We’ve made great strides in understanding the biology and behavior of breast cancer, and there have been many changes and advances in treatment. Today, a woman has more treatment options than ever before. That, in and of itself, can be confusing for many.
Because there can be many treatment options, you shouldn’t rush to make decisions. In fact, with most breast cancers, you have time. Time to gather all information, which may include additional imaging studies or other testing. Time to get more than one opinion. Time to talk with other women with breast cancer – while remembering that each journey is unique. And time to carefully consider all your options.
Your Team Will Offer Information and Resources
A woman newly diagnosed with breast cancer can expect to assemble a team: a breast surgeon, medical oncologist and radiation oncologist (if radiation is necessary). Other important members of the team may include a nurse navigator or breast care coordinator, pathologist, physical/occupational therapist, genetic counselor, social worker, spiritual care provider and psychologist or therapist. In addition, your team may recommend resources for diet, nutrition and lifestyle counseling.
Every Body is Different – Get the Specifics of Your Case
“One size fits all” doesn’t apply to breast cancer treatment recommendations. Breast cancer is not one disease – there are multiple types and every case is different.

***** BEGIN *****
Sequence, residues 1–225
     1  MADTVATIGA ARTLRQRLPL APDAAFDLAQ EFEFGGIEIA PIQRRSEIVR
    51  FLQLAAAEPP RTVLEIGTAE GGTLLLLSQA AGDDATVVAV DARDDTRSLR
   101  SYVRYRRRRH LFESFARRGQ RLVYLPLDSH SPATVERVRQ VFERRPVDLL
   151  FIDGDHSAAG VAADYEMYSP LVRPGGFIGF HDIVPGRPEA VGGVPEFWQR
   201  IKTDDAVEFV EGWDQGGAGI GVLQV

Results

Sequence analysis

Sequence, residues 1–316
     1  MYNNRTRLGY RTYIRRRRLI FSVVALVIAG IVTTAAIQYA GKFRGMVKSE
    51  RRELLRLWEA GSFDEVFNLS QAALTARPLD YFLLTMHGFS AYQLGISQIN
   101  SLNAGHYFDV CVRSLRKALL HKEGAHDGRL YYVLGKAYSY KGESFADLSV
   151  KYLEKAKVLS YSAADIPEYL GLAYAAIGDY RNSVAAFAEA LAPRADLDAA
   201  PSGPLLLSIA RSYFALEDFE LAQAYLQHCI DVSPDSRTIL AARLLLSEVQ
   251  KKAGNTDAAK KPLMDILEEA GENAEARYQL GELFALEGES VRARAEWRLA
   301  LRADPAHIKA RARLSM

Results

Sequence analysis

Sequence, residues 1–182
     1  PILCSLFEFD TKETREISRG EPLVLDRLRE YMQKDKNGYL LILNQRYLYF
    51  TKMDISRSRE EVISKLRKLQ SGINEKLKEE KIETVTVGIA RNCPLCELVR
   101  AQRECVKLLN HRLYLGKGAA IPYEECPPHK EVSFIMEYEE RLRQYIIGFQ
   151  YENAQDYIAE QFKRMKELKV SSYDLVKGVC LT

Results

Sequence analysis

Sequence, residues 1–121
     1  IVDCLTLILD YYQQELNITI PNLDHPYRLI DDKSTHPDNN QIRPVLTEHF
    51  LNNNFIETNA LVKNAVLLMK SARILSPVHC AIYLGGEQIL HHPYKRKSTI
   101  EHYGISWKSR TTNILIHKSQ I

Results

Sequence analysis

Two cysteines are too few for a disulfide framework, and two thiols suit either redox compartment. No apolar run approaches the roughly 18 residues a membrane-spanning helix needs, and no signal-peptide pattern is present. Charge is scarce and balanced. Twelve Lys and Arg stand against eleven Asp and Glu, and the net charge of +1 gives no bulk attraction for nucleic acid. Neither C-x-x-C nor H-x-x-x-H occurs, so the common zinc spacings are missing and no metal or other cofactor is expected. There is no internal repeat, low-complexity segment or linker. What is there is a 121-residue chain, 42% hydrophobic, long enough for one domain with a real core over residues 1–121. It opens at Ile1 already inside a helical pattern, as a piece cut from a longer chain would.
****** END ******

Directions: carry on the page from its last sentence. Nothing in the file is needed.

The size of your tumor and its biologic behavior (a measure of how aggressive the cancer cells are) as well as whether or not there has been spread into lymph nodes or other areas of the body are essential pieces of information about your specific breast cancer. Gather these specifics before you attempt to review the overwhelming amount of information that’s available. Be sure and get a copy of your pathology report. Once you know the specific details and uniqueness of your own case, reading articles will make much more sense.
Take Time to Make the Best Decision for You
The first few days following a cancer diagnosis are extremely difficult. Taking the time you need to make clear, informed decisions is important. Our goal is always to provide as personalized a treatment recommendation as possible, and to work with you to develop a treatment plan that you’re comfortable with.